Fosun looked assured to win what became the longest bidding war in Paris Bourse history when Bonomi's Global Resorts company announced Friday it would not better the €24.60 ($29.55) per-share price the Chinese group tabled for Club Med on December 19th.
That offer — which topped Global Resort's last bid of €24 per share — values Club Med at €939 million, which represented too much in Bonomi's view.
"Having carefully analysed the public offer for shares in Club Med SA, and, in particular the company's valorisation level, Global Resorts SAS has decided not to increase its bid, and consequentially intends to withdraw its offer," financier Bonomi explained in a company statement.
Bonomi's decision clears the way for Fosun and its Chinese, Brazilian, Portuguese and French partners to move ahead with final acquisition of the famous French holiday group.
After weathering rough business seas over the past decade, Club Med improved its financial health by targeting higher-end clients, particularly among wealthier sections of emerging economies.
According to Club Med figures released in December, for example, 80 percent of the 25,000 new clients the group attracted in 2013 were Chinese or Brazilian.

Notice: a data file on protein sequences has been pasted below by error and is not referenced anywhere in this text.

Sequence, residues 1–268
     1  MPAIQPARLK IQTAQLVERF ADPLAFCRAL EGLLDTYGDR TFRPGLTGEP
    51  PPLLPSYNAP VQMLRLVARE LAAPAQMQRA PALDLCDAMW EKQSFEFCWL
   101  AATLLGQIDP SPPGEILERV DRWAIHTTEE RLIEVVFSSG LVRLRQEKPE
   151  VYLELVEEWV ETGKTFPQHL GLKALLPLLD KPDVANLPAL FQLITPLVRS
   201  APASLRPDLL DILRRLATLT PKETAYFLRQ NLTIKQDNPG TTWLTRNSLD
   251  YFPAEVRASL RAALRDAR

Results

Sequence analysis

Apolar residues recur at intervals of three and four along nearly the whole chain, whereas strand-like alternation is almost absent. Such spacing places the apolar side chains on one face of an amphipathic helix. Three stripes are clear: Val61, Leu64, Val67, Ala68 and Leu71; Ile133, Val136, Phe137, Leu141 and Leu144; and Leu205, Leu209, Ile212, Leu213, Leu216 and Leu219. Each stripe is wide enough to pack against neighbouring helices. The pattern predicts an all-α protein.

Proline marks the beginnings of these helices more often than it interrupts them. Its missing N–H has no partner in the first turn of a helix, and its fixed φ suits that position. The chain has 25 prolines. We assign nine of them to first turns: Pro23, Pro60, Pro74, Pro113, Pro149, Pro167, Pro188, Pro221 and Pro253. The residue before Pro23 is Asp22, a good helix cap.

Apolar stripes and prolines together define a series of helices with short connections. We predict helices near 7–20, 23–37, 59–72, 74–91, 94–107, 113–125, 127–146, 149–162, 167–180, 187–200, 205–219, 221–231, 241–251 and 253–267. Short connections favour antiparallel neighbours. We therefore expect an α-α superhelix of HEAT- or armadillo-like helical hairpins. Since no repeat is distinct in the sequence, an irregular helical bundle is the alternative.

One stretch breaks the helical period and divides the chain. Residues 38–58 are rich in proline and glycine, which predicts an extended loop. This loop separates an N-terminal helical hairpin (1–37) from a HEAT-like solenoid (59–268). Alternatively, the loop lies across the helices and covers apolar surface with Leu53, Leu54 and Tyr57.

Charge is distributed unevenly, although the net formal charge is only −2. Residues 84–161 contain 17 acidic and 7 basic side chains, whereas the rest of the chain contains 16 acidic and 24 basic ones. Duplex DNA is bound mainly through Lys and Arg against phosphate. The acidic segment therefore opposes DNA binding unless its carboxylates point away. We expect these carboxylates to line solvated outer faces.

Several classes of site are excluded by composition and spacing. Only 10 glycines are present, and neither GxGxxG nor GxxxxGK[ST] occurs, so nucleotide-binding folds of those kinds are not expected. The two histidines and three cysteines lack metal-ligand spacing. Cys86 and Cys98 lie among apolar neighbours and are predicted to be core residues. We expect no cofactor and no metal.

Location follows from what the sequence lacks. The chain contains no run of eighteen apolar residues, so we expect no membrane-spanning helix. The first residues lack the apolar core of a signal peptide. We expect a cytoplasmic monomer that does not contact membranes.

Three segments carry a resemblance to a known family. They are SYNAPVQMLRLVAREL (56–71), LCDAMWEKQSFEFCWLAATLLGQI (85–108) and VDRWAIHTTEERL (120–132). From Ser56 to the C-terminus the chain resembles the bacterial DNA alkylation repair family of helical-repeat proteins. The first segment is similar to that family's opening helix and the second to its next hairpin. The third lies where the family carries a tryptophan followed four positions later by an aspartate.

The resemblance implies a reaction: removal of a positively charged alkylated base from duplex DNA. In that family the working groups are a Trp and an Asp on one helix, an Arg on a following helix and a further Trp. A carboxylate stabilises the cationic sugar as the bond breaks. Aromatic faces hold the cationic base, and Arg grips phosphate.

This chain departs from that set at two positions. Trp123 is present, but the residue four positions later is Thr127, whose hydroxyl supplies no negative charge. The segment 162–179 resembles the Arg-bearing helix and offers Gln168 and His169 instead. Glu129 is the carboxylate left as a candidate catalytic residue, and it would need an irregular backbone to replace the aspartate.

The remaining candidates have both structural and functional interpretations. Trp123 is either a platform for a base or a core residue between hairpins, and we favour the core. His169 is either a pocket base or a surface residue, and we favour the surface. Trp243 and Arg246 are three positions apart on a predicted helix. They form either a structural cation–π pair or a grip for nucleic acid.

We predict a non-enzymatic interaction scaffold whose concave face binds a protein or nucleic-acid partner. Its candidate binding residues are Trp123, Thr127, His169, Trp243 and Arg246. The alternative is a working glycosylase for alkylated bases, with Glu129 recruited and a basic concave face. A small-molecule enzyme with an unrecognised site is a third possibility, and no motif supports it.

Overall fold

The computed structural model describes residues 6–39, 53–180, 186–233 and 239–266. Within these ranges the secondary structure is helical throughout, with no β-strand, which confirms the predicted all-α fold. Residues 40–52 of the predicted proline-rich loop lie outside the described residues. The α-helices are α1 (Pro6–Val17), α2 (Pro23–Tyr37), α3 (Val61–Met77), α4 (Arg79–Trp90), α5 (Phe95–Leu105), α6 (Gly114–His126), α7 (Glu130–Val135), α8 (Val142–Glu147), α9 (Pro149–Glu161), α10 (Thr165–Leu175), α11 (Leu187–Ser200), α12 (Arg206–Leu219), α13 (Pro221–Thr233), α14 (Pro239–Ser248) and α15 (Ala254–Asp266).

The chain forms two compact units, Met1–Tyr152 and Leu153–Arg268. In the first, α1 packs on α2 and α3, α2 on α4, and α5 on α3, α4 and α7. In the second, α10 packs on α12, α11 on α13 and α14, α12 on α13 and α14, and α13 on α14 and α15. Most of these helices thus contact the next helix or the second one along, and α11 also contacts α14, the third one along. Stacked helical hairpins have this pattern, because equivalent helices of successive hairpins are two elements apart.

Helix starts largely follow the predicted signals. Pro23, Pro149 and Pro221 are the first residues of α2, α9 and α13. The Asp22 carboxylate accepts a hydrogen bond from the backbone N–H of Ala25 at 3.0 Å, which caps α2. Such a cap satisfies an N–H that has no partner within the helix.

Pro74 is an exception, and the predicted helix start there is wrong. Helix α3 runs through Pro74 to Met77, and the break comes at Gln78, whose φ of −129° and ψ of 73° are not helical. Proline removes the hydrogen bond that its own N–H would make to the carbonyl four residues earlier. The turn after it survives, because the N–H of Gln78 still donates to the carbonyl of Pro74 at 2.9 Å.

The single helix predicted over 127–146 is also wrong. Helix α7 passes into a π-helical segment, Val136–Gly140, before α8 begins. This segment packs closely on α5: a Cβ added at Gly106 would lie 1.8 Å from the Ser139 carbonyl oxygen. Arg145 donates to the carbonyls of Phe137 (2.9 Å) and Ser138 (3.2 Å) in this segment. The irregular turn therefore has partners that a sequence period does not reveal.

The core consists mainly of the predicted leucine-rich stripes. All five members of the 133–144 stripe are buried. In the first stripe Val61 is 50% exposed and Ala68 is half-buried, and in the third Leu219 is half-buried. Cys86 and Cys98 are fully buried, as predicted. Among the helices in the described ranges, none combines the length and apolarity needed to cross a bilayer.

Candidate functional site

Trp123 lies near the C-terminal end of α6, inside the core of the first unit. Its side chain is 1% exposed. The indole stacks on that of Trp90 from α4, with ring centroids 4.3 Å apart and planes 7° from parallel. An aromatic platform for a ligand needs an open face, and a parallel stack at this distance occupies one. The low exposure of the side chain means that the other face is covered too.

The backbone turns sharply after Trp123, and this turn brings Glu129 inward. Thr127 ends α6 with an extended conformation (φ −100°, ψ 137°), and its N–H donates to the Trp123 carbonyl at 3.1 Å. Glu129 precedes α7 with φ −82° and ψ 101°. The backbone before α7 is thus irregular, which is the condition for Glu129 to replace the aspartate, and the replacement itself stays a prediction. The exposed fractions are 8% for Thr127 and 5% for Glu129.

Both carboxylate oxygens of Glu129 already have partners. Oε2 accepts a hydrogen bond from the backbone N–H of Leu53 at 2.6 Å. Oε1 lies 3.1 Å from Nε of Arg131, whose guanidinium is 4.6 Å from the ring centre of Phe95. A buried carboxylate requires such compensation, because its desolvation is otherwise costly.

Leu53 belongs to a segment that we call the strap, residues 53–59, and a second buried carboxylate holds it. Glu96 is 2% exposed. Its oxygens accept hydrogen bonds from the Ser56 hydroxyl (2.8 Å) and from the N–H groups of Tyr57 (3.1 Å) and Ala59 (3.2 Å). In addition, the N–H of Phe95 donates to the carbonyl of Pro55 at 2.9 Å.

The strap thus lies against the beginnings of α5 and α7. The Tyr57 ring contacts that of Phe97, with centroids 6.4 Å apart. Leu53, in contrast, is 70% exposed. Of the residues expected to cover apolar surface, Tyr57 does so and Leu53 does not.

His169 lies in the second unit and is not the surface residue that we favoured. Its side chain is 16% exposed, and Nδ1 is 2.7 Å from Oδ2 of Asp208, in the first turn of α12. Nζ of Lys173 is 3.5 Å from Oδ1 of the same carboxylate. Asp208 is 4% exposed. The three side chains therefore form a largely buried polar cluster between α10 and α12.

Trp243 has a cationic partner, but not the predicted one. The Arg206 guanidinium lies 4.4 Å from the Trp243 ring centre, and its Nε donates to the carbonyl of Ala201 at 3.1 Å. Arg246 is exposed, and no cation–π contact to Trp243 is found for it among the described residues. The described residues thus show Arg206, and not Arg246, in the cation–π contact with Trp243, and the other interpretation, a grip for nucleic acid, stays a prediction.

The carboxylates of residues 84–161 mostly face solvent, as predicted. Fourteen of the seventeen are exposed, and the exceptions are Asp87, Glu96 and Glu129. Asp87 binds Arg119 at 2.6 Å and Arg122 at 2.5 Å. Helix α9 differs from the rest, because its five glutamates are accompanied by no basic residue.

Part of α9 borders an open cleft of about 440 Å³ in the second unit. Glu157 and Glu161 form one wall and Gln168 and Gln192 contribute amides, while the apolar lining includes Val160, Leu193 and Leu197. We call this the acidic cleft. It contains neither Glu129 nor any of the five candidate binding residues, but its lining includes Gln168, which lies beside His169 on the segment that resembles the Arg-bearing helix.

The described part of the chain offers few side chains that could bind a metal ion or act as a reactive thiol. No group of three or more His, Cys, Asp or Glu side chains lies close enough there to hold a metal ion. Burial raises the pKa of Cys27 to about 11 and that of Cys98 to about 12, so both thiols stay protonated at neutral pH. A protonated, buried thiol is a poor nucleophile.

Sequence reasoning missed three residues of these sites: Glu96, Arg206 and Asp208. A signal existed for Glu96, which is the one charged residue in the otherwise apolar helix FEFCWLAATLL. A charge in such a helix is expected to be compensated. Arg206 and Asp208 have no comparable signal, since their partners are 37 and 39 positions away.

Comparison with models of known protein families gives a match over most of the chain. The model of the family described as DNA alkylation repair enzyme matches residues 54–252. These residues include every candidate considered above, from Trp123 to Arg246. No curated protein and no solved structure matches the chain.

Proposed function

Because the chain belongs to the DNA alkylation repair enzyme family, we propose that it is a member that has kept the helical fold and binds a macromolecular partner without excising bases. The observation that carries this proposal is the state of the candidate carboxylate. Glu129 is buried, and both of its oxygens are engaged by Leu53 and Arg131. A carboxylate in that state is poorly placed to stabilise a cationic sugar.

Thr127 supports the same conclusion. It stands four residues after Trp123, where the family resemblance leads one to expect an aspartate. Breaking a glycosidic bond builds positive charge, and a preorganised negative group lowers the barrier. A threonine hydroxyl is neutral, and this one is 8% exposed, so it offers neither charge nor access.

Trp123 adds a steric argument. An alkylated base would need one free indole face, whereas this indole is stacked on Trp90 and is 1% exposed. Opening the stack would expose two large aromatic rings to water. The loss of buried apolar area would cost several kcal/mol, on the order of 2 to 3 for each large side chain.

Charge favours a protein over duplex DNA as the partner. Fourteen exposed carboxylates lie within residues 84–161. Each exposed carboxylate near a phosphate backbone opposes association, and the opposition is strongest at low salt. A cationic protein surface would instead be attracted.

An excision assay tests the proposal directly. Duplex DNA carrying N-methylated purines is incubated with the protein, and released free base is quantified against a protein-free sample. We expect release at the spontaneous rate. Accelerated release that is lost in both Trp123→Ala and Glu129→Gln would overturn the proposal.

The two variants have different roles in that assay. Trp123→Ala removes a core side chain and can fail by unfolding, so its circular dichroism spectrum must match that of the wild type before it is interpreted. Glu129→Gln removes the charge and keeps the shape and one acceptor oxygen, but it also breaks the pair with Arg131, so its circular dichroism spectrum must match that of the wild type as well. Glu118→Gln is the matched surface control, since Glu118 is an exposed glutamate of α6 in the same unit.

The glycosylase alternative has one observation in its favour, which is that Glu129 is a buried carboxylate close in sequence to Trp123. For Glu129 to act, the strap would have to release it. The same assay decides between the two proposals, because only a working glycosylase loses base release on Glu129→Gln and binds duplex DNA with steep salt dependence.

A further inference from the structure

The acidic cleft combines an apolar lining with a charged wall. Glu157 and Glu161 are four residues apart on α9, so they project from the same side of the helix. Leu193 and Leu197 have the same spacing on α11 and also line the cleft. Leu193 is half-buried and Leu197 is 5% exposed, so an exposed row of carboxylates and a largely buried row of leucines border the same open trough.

Fosun — with whom Club Med has worked in expanding its activities in China — has said it wants guide that continued expansion into new markets.
But Fosun has also stressed it wants to "continue to invest in France, Club Med's leading market, to continue to win new parts of the market and outperform its competitors."
Fosun's looming bid victory does not come without some risks, however.
Despite its recently improving financial fortunes under its recalibrated business strategy, Club Med is reportedly set to reveal a net loss of €12 million in 2014, on turnover of €1.38 billion.
Still, Fosun's 24.60 per-share bid of Club Med — which owns 70 holiday resorts in 26 countries, and employs around 13,000 people — is considerably lower than the stock's closing price Friday of €25.09.